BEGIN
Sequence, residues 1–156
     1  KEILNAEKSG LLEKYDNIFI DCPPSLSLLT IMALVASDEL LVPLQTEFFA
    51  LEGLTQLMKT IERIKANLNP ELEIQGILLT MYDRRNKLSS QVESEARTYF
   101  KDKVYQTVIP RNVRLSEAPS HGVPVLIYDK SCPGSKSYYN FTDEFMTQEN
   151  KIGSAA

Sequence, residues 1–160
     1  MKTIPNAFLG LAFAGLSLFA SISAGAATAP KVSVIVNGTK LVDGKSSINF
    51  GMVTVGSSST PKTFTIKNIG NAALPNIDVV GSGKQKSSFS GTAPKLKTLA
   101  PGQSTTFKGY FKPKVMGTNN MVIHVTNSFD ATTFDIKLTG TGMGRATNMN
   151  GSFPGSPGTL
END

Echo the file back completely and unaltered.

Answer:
Sequence, residues 1–156
     1  KEILNAEKSG LLEKYDNIFI DCPPSLSLLT IMALVASDEL LVPLQTEFFA
    51  LEGLTQLMKT IERIKANLNP ELEIQGILLT MYDRRNKLSS QVESEARTYF
   101  KDKVYQTVIP RNVRLSEAPS HGVPVLIYDK SCPGSKSYYN FTDEFMTQEN
   151  KIGSAA

Sequence, residues 1–160
     1  MKTIPNAFLG LAFAGLSLFA SISAGAATAP KVSVIVNGTK LVDGKSSINF
    51  GMVTVGSSST PKTFTIKNIG NAALPNIDVV GSGKQKSSFS GTAPKLKTLA
   101  PGQSTTFKGY FKPKVMGTNN MVIHVTNSFD ATTFDIKLTG TGMGRATNMN
   151  GSFPGSPGTL